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Eur J Immunol. 1995 Aug;25(8):2401-7.

Transgenic mice expressing high levels of soluble TNF-R1 fusion protein are protected from lethal septic shock and cerebral malaria, and are highly sensitive to Listeria monocytogenes and Leishmania major infections.

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Department of Pathology, CMU, Geneva, Switzerland.


Mice bearing a transgene coding for a soluble tumor necrosis factor receptor type 1 (TNFR1)-FcIgG3 fusion protein and placed under the control of the alpha-1-antitrypsin gene promoter were generated. Depending on the mouse line, blood levels of the protein ranged from 25 ng/ml to over 100 micrograms/ml; this level of expression was most often transmitted to the transgene-bearing progeny as a relatively stable feature. High-expressor mice were completely resistant to lipopolysaccharide-induced shock and lethality, including after D-galactosamine sensitization, and mice expressing about 1 microgram of the fusion protein/ml were partially (60%) protected. In contrast, mice expressing less than 0.1 microgram of the protein/ml were more sensitive than controls with respect to incidence and time of death, even though the biological activity of serum tumor necrosis factor (TNF) was partially neutralized. High-expressor mice of the adequate genetic background were markedly, although not completely, protected from death by cerebral malaria after injection with Plasmodium berghei. They were highly susceptible to Listeria monocytogenes, dying from bacterial dissemination after sublethal infection, and to Leishmania major, displaying severe, non-healing lesions after local infection. Under the same conditions, mice expressing about 1 microgram protein/ml were only partially sensitive to these last agents, compared to non-transgenic littermate mice which were fully resistant. These transgenic mice represent a model of permanent, complete or partial, impairment of TNF use, which compares favorably, for ease of breeding and for the range of effects, to mice bearing gene disruptions.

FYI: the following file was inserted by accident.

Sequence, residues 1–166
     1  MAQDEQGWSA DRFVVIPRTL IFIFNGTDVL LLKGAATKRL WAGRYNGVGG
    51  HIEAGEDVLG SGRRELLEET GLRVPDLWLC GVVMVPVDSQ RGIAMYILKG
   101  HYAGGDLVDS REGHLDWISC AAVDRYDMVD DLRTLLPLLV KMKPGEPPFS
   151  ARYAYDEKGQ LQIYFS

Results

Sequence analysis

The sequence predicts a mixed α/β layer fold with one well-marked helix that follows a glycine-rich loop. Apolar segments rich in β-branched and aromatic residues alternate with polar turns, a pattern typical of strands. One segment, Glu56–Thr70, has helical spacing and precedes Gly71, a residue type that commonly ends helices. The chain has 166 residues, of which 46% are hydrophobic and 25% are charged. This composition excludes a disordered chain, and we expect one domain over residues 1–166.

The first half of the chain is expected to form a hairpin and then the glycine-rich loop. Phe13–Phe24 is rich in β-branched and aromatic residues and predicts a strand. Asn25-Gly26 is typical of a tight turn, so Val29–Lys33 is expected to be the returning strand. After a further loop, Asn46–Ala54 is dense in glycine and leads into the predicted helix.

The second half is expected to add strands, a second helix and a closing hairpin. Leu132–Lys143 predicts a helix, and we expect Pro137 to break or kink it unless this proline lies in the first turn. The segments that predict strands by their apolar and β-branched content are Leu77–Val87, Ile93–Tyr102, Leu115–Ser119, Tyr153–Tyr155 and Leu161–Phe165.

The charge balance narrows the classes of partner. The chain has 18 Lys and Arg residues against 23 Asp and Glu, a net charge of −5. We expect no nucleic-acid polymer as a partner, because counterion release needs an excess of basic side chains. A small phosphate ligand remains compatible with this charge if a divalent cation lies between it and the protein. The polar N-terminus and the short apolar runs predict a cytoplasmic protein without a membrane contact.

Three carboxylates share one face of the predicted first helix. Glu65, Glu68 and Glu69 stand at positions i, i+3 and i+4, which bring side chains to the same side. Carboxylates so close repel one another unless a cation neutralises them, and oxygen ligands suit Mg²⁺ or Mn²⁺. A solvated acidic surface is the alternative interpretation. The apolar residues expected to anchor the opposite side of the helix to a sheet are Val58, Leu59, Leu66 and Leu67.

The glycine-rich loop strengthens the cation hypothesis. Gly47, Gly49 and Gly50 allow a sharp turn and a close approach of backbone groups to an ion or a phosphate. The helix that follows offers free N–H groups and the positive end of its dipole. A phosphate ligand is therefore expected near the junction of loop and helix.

[Indexed for MEDLINE]

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